North Carolina Supreme Court justices had numerous questions Tuesday for attorneys arguing for and against the use of public money at private and religious schools.
The justices asked about what constituted a “public purpose,” questioned interpretations of the state constitution and its framers’ intentions, and asked about guarantees for a quality education from schools and teachers not governed by state standards or oversight.
The voucher program, struck down by Judge Robert Hobgood in August, would have provided low-income families who wanted to send their children to private schools as much as $4,200 annually in taxpayer dollars. Hobgood declared it a violation of the North Carolina Constitution, saying “appropriating taxpayer funds to unaccountable schools does not accomplish a public purpose.”
But Lauren Clemmons, an assistant state attorney general, argued the voucher program approved in 2013 “supplements educational choices available to the state’s low-income students” and doesn’t “supplant the uniform system of free public schools.”
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Burton Craige, an attorney representing 25 plaintiffs – sponsored by the N.C. Association of Educators and the N.C. Justice Center – who challenged the voucher program’s legality, argued otherwise.
“North Carolina has many fine private schools, but the problem with this legislation is these funds flow to all private schools, regardless of quality,” Craige told the justices. “The legislature can’t hand over millions of dollars based on the blithe assumption that anything that calls itself a school is providing a real education.”
Craige pointed to people in the courthouse gallery. “They have come in this weather from Fayetteville, Durham, Greensboro, Hickory and Asheville because they know what is at stake – and that is our public schools,” he said.
In arguments that touched on North Carolina’s past, Craige noted a program adopted nearly six decades ago in which families hoping to evade desegregation laws could get vouchers for private schools. The plan was declared unconstitutional after passage of the federal Civil Rights Act of 1964.
“If this General Assembly wants to give taxpayer funds to private schools, it can do so only through an amendment to the constitution,” Craige said.
Attorneys representing lawmakers argued that North Carolina public schools weren’t working for many students from low-income families, arguing that five of six students from economically disadvantaged families were failing one or both of the end-of-grade reading and math tests given by public schools.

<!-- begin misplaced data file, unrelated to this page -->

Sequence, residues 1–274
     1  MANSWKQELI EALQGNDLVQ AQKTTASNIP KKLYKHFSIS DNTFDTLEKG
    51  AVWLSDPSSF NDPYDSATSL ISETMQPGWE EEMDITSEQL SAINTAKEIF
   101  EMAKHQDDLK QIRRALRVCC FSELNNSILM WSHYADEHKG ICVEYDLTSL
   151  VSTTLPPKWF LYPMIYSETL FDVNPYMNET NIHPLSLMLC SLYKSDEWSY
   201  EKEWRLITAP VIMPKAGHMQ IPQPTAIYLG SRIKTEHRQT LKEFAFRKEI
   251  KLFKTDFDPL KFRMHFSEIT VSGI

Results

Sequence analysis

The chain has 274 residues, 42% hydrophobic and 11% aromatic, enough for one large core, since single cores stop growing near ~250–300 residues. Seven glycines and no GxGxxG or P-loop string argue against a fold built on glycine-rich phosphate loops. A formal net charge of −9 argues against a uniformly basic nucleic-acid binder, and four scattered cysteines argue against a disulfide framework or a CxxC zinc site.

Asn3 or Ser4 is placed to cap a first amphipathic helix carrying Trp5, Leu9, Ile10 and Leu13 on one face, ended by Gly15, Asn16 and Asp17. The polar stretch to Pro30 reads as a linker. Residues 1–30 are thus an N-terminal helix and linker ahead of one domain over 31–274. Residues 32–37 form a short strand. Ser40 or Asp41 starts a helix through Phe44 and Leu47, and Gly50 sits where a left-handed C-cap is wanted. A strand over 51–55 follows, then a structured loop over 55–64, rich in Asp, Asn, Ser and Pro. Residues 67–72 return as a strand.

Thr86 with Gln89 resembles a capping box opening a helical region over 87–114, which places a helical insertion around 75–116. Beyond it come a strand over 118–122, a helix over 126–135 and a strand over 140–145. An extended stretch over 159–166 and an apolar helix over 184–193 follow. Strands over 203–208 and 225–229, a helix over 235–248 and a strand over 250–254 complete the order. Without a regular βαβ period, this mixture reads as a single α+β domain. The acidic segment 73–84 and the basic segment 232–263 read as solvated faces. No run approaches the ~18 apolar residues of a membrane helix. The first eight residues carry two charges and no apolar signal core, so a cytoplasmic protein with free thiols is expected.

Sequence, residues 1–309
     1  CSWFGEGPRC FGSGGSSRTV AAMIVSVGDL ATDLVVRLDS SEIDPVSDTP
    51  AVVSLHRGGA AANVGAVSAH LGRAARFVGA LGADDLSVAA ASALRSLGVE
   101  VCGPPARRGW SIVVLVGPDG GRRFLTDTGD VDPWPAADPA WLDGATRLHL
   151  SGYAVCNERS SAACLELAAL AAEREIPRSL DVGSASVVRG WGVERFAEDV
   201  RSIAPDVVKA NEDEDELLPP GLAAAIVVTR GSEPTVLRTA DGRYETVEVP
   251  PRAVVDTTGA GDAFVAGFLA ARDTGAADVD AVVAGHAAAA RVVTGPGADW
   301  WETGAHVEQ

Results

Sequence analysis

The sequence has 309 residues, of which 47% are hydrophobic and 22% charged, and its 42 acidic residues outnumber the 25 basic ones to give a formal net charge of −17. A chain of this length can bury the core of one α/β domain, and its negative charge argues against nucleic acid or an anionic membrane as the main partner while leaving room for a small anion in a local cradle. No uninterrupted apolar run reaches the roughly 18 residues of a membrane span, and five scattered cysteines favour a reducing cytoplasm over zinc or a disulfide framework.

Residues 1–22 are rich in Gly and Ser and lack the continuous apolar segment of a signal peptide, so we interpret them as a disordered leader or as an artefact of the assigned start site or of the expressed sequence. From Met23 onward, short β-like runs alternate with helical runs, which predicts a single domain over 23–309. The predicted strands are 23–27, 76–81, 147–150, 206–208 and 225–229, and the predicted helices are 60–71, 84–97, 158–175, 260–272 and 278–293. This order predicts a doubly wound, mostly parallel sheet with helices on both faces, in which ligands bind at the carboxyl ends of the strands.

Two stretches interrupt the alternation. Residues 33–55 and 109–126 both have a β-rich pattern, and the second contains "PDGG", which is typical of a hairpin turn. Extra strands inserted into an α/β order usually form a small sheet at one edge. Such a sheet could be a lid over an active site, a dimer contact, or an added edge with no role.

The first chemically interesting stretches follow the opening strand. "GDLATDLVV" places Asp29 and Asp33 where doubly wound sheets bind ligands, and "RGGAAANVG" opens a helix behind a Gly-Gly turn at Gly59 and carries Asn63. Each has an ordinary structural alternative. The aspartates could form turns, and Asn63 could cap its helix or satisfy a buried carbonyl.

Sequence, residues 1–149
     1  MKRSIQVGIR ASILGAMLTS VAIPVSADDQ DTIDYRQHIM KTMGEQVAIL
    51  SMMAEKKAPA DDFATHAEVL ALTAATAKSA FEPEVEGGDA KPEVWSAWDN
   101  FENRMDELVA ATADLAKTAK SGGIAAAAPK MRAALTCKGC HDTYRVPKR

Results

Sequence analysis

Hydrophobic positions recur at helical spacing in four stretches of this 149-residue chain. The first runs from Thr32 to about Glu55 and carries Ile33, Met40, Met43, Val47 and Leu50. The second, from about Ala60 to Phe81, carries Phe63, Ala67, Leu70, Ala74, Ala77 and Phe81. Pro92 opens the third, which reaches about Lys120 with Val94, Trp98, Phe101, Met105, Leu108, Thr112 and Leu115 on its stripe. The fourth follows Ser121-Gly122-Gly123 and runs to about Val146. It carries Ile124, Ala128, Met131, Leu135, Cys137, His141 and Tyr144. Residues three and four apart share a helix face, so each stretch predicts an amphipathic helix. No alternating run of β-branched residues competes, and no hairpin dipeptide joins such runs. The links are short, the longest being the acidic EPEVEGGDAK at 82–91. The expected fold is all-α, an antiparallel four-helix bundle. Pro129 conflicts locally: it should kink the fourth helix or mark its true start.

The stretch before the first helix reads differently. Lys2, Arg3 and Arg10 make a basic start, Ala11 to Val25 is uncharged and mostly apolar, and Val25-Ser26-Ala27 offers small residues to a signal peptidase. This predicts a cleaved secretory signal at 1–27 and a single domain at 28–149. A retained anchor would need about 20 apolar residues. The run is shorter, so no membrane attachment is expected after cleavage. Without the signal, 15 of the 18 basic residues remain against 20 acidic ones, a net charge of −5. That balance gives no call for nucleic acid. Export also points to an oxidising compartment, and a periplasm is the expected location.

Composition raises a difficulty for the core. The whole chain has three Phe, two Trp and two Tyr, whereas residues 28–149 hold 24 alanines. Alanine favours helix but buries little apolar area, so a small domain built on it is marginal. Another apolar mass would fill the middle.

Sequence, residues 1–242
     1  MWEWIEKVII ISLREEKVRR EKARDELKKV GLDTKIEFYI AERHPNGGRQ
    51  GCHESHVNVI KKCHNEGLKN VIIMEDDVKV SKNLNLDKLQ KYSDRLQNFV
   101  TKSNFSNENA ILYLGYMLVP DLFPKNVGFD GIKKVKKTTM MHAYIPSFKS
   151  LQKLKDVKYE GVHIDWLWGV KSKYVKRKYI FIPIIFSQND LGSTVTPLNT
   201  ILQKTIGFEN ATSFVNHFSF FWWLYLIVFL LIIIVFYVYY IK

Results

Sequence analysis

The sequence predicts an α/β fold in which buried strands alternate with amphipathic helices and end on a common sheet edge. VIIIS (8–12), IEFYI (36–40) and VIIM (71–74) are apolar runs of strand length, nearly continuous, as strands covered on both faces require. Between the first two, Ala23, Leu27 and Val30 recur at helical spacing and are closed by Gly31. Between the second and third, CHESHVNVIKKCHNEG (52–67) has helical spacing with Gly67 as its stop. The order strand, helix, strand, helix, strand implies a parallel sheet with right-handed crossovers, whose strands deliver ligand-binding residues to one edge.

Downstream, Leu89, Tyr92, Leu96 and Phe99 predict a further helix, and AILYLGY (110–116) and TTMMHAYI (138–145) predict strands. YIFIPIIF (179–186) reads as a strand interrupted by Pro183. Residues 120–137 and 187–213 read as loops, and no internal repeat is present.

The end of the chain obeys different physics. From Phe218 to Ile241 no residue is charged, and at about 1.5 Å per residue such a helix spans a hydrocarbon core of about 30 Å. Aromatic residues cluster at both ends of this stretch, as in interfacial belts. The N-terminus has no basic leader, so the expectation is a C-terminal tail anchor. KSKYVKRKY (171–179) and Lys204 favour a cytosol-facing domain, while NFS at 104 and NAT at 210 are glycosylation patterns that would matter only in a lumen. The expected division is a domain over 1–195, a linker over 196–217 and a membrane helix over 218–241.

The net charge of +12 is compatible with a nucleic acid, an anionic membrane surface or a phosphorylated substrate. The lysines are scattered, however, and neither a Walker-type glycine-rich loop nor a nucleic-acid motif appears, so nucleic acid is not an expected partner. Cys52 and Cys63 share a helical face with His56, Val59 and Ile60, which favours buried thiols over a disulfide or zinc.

They called vouchers a “parental choice program” for low-income families.
“This case is all about accountability,” said Richard Komer, an attorney with the Arlington, Va.-based Institute for Justice representing some families with vouchers. “It is not about unaccountable private schools. It is about an effort by the public school districts in this case and their supporters to evade accountability.”
Komer argued that the private schools are accountable to the parents of their students. He added that it was the parents, not the private schools, benefiting from the public funds.
“Parents know what’s best for their children and will seek an adequate, decent education for their children,” Komer said.
Bob Orr, a former N.C. Supreme Court justice and N.C. Court of Appeals judge and a member of the legal team challenging the vouchers, argued that as approved, the voucher program did not require that students approved for vouchers be from failing schools. Nor did it require them to show they were struggling.
Orr and Craige said many religious schools require students to adhere to the tenets of faith with which the school is affiliated. Nearly two-thirds of the private schools in North Carolina are unaccredited, Craige pointed out, and there would be no way to ensure their teachers were well-trained.
“Where’s the public benefit in a standard-less education in which the state has no ability to impose at least certain parameters on curriculums and standardization of teachers?” Orr asked.
When the justices will decide the case is uncertain. Rulings can take weeks, months and on rare occasions almost a year.